In late 2015, St. Louis Public Radio started a community engagement/storytelling project with the help of a web application called Hearken which connected St. Louisans with questions about the city with reporters ready to report on the answers. We called it Curious Louis.
A little over a year since its inception, St. Louis Public Radio has received over 100 questions and answered 42 of your questions. We’ve published 24 stories online with answers, some of those with radio and talk show features on topics you brought to our attention.
Kimberly Springer, St. Louis Public Radio’s Engagement Producer and the person who spearheaded the project, joined St. Louis on the Air host Don Marsh to discuss the project and share some clips from some of the best Curious Louis questions/answers of the year.
“We get really different angles on what we should be looking at in St. Louis,” Springer said.
Recently, St. Louis Public Radio’s Curious Louis project won two awards for its work reporting on community-sourced stories from the Hearken organization. Mary Delach Leonard’s reporting on Civil War monuments won an award for “most creative approach to answering a question” and Willis Ryder Arnold’s collaborative effort with Andwele Jolly to find St. Louis’ best doughnut won the “most fun story to report” award.
On Wednesday’s program, we highlighted four favorite questions from the past year:
Josie McDonald asked “I own a flounder home and I'd love to know more about the design rationale. Why are so many in St. Louis but not other cities?” St. Louis Public Radio producer Stephanie Lecci answered the question with an audio and web feature about the history of the houses in September.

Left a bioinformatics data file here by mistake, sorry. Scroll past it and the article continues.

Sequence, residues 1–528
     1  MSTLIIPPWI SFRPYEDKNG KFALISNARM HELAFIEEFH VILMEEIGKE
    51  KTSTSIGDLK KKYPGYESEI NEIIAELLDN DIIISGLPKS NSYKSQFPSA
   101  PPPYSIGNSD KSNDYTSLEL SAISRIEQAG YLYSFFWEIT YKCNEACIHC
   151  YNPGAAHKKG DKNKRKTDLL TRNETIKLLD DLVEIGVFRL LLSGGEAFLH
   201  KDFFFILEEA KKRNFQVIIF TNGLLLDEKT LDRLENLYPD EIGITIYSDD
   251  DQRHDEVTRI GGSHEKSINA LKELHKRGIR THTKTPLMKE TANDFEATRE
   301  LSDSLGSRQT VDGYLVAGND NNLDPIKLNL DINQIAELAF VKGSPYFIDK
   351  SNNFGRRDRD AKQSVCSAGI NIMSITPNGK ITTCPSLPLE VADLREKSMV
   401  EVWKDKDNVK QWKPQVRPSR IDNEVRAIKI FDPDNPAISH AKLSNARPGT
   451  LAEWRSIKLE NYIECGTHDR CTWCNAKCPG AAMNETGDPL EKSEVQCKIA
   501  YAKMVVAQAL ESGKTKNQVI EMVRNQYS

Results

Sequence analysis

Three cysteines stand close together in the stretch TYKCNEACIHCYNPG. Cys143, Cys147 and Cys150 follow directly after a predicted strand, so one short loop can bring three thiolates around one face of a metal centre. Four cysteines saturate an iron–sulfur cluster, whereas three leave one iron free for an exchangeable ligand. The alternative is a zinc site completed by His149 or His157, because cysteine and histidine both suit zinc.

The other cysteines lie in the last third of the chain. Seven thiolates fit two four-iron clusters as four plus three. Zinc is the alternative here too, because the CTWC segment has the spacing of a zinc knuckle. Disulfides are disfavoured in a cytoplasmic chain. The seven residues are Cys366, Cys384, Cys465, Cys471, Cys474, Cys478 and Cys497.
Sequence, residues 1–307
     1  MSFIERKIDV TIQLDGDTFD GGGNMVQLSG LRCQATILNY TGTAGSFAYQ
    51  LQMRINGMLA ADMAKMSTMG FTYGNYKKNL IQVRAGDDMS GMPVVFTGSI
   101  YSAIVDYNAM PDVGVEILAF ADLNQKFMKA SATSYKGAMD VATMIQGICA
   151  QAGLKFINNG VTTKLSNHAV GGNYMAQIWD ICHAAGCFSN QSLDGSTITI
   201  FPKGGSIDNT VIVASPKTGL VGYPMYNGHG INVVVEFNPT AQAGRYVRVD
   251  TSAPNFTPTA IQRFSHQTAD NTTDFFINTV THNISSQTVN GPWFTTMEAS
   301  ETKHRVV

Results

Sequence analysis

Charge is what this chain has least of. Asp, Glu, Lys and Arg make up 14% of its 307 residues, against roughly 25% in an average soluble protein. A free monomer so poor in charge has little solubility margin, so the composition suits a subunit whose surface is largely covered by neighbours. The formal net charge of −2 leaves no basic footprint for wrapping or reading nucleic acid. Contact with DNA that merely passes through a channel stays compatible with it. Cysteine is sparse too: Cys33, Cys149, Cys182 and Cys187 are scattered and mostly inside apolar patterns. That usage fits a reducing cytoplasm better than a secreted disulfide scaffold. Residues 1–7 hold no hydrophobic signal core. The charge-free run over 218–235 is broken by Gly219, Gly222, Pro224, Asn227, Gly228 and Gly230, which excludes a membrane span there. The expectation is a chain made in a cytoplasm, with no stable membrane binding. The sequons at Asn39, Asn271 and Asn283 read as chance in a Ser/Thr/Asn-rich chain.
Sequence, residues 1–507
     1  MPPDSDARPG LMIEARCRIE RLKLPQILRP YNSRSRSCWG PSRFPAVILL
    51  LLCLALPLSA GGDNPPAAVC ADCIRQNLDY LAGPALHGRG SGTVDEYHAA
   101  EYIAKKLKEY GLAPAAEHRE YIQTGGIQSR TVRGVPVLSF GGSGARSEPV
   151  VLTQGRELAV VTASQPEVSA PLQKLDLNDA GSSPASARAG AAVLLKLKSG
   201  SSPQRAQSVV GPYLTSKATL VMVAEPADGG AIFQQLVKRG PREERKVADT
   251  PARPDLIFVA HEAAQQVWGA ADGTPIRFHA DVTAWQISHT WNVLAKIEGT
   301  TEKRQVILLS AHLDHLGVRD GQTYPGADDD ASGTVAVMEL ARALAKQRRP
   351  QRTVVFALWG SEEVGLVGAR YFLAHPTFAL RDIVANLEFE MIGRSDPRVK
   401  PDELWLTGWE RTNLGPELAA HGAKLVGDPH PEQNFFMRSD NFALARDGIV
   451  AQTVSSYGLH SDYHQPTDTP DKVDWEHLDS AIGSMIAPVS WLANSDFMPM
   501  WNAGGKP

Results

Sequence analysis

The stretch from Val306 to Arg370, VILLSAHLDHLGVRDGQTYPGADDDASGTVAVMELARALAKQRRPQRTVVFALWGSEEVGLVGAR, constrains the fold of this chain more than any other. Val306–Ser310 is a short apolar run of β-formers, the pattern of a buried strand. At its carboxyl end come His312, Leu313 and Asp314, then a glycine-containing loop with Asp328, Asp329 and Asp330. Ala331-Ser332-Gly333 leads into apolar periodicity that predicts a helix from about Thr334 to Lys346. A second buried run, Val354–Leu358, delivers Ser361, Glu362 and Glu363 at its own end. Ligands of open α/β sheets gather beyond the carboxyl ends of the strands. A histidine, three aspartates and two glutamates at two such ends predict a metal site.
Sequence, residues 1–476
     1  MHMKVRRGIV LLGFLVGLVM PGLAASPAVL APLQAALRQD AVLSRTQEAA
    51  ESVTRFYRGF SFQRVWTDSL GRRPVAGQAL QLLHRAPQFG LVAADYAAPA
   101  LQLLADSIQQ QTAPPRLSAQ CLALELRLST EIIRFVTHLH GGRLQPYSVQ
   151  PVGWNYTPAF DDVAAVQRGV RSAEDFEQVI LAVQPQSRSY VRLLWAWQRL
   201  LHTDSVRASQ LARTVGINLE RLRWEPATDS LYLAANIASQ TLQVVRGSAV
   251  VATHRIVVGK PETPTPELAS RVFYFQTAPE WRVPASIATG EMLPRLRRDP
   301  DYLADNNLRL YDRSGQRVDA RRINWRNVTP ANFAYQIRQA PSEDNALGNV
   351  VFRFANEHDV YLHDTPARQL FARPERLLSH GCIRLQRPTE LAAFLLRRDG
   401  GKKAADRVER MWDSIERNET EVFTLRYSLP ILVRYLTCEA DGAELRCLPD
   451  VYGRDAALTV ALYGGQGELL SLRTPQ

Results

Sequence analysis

Christine Rohloff asked “How do operators get up in tall cranes?” Reporter Durrie Bouscaren delved into the topic in June by heading (partially up) a crane with Tim Miller, who operates a crane at Barnes Jewish Hospital’s Central West End campus.
Tom Bakersmith asked: Why are so many St. Louis manhole covers 2 or 3 inches below the street grade? I spend a lot of my driving time trying to dodge them. St. Louis on the Air answered the question with a panel of traffic experts on the show in April.
Andwele Jolly asked: What are the best doughnut places in town? Reporter Willis Ryder Arnold undertook the ARDUOUS task of traveling to six doughnut joints in the area with Jolly’s help in search of the best donut in June.
You can see all of the questions St. Louis Public Radio reporters have answered on our website here.
Another personal favorite of Springer’s is about why Missourians have to pay personal property tax.
Curious Louis will take any of your questions about the workings of St. Louis, history, etc., but is currently looking for a very specific questions from St. Louisans: What questions do you have about planned real estate developments in your neighborhood?
As for what questions Curious Louis won’t answer: blanket opinions masquerading as questions and personal vendettas against specific persons, causes or businesses.
Springer invited those who like the project to get involved in other ways: you can jump in to answering questions you know on the website here. You can also join in on voting rounds, which come up every once in a while when there are enough questions submissions. Check out the Curious Louis website to participate in both of those ways, as well as ask questions.
“Join us in the adventure,” Springer said.
St. Louis on the Air brings you the stories of St. Louis and the people who live, work and create in our region. St. Louis on the Air host Don Marsh and producers Mary Edwards, Alex Heuer and Kelly Moffitt give you the information you need to make informed decisions and stay in touch with our diverse and vibrant St. Louis region.